Ethical considerations of applications of preimplantation genetic diagnosis in the United States

Karen E. Adams

Research output: Contribution to journalReview articlepeer-review

13 Scopus citations


Preimplantation genetic diagnosis (PGD) was developed to offer diagnosis of genetic disorders prior to initiation of a pregnancy, whereas previously such disorders would be diagnosed at amniocentesis or chorionic villus sampling after a pregnancy had already been undertaken. Such application of this technology is not controversial. But PGD has been used to not only diagnose genetic disorders but also to select for certain other characteristics, and this use of the technique is much more controversial. A case is presented in which PGD was used not only to select against a genetic disorder, but to select for a certain HLA type which matched an affected sibling. The new child's cord blood was transplanted into his affected sister, who subsequently was found to be free of disease. The ethics of "having a child to save a child" are explored, and possible other uses of PGD that lead to eugenic outcomes are considered. The lack of regulation of this technology in the US is contrasted with existing legislation in other countries, and the need for national and international consensus regarding appropriate uses of PGD is emphasized.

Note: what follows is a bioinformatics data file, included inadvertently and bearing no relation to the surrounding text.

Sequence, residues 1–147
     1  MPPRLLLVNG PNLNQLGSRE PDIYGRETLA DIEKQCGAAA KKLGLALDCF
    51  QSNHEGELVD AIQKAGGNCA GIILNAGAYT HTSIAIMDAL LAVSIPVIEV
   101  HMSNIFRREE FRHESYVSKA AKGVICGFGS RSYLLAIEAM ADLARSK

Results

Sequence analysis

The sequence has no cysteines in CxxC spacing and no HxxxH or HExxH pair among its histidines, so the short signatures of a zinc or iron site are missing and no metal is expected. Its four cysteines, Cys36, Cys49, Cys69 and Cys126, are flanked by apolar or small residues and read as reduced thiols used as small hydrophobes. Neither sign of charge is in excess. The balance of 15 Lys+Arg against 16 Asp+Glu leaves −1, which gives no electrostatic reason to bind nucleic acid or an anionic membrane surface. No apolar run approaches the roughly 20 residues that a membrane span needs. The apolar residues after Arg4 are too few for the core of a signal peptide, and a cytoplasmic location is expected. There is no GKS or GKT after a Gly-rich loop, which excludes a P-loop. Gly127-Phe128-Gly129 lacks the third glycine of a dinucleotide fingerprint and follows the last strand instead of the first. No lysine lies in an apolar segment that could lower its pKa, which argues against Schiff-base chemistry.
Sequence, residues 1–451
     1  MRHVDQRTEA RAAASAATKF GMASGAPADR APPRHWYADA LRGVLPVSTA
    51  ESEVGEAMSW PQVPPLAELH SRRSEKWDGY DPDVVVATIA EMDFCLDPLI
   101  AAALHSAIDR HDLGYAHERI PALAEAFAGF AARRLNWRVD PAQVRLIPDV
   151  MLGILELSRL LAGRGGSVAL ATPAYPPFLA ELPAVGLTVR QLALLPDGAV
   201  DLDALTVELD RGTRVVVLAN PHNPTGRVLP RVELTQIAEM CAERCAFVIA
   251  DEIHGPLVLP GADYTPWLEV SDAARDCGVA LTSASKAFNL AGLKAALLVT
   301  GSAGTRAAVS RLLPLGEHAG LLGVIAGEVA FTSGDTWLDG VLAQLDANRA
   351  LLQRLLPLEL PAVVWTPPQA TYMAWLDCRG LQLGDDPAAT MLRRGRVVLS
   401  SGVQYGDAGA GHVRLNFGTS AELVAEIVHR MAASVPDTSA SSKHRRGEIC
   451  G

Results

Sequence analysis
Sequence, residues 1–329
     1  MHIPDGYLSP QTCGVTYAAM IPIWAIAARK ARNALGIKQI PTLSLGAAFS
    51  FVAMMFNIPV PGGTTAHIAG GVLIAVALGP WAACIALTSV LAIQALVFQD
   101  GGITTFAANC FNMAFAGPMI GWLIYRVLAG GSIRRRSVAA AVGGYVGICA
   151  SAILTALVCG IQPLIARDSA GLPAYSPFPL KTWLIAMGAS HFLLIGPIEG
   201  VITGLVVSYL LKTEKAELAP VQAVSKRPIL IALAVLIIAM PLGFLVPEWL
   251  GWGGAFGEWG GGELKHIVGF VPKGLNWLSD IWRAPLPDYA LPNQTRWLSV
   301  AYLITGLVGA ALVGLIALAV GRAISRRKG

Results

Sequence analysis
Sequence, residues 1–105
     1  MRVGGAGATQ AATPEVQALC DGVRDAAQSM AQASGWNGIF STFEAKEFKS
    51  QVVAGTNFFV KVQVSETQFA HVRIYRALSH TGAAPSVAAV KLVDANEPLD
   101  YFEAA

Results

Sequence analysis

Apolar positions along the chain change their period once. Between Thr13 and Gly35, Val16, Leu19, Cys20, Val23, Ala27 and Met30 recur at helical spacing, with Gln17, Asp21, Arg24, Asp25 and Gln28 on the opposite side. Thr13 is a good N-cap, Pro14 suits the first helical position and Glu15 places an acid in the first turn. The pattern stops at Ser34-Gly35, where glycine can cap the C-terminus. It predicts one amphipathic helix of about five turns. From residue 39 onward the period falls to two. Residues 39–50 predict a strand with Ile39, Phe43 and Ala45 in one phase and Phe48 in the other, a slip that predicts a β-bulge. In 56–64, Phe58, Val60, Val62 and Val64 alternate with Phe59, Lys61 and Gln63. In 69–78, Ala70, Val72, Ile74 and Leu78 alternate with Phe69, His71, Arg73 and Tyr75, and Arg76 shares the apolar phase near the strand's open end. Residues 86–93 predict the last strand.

Original languageEnglish (US)
Pages (from-to)489-494
Number of pages6
JournalMedicine and Law
Issue number3
StatePublished - 2003


  • Access to care
  • Assisted reproductive technology
  • Bioethics
  • Medical ethics
  • Preimplantation genetic diagnosis

ASJC Scopus subject areas

  • Health Policy
  • Law


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